Although many Americans have fond childhood memories of the comical drawings in the Busytown books, I don’t think I saw a Richard Scarry illustration until fifteen years ago when my kids were old enough to appreciate them. At first I just thought the drawings were funny, but the more I read the books, the more I was convinced that Scarry was a highly creative artist.
I had long wondered if he’d imagined the boats that he drew in addition to the (gender-stereotyped) wacky characters and vehicles. But then a few summer ago, I went to the Netherlands and England, where I realized that although the drawings of pickle mobiles and pencil cars did take some creativity, he was actually quite adept at drawing real European things- especially boats. It dawned on me that he must have spent a lot of time there.
When I looked at his drawings, through my sailor’s eyes, I became aware that he knew something about boats- they weren’t just goofy sketches. (OK, well they were goofy, but they had the mark of someone with first-hand knowledge.)
And I can see where he got his color inspirations. Europeans apparently aren’t as worried as us Americans about having their craft labeled as clown boats.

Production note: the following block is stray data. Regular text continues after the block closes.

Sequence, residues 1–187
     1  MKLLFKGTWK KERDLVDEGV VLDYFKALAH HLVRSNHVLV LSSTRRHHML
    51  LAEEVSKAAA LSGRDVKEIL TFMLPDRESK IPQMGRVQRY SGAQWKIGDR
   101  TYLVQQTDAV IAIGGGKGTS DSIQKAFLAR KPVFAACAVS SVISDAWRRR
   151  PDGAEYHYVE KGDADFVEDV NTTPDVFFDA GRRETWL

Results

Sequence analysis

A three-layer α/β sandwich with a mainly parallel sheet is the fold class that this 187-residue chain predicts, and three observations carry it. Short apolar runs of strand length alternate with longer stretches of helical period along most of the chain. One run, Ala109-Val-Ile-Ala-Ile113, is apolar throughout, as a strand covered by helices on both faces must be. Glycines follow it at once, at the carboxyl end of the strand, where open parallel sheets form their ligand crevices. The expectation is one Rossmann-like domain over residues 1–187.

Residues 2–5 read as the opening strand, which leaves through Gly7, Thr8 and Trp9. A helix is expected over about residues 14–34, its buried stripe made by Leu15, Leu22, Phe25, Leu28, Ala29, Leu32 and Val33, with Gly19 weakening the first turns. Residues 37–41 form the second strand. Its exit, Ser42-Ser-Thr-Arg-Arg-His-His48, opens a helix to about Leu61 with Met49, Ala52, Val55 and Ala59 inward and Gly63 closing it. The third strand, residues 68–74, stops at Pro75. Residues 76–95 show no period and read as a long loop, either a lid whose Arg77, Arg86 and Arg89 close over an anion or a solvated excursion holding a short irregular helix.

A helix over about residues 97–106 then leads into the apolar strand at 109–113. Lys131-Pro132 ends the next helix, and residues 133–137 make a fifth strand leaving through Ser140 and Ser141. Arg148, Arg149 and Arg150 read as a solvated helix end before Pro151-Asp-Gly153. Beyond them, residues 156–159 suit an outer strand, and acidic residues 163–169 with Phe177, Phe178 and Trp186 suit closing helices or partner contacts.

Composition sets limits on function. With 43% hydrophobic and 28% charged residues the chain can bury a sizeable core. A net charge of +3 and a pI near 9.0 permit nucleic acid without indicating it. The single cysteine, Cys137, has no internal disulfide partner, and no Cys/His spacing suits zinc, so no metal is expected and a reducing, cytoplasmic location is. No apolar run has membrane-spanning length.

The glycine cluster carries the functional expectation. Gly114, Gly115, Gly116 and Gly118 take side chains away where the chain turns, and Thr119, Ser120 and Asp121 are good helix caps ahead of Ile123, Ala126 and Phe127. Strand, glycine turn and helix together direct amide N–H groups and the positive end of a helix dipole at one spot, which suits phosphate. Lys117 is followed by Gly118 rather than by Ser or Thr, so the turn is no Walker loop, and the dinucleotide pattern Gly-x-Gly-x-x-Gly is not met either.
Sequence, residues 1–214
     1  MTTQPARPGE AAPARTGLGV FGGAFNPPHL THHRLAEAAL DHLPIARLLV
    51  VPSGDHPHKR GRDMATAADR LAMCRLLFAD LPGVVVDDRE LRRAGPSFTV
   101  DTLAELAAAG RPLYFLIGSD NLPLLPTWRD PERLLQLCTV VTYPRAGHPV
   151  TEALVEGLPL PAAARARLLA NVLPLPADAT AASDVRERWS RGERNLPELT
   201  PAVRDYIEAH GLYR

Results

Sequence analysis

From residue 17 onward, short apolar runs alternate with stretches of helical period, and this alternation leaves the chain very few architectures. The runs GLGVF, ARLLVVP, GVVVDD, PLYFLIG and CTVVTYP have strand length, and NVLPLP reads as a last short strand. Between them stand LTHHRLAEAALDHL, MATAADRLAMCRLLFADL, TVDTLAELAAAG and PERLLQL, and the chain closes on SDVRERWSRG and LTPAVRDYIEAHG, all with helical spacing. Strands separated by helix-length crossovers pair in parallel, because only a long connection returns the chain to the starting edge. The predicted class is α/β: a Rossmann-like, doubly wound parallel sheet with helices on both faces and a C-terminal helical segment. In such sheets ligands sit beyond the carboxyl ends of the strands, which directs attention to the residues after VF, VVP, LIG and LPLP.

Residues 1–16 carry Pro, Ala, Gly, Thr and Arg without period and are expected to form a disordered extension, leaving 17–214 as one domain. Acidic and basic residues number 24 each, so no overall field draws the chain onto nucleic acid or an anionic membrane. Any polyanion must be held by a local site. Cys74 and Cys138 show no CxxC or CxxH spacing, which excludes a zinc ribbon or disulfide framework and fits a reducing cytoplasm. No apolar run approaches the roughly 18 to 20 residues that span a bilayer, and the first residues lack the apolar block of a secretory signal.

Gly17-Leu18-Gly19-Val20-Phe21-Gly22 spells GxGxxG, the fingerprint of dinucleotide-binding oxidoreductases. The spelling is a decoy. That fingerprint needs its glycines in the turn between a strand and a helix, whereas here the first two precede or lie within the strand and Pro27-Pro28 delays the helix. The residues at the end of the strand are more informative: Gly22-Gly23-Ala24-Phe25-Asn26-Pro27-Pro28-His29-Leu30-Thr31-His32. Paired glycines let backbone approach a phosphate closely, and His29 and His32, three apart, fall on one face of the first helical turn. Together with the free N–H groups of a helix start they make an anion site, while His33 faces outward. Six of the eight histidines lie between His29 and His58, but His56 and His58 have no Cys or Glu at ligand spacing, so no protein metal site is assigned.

The titles of his books like The Busytown Regatta, Pie Rats Ahoy, and Boats should have been clinchers for me. They showed his grasp of the details. Even if the cabin above is a little undersized, the mast hoops and blocks on the fishing boat didn’t end up there by accident.
And those mildly overloaded lifeboats, certainly came from Amsterdam (minus the wine bottles):
For such a prolific writer, there’s not a lot of info about him on the web. I eventually tracked down a milquetoast biography, that had some facts (even if it lacked any critical commentary) about his life and work, which noted that he spent many years from the 1960’s on, living in France, Switzerland, and visiting other places around the world. And most importantly, it noted that he was a boater.
It would have been fun to sketch while sailing along with him. Instead, I just chuckle and admire his maritime art when I come upon those old books that my kids are now too old to enjoy.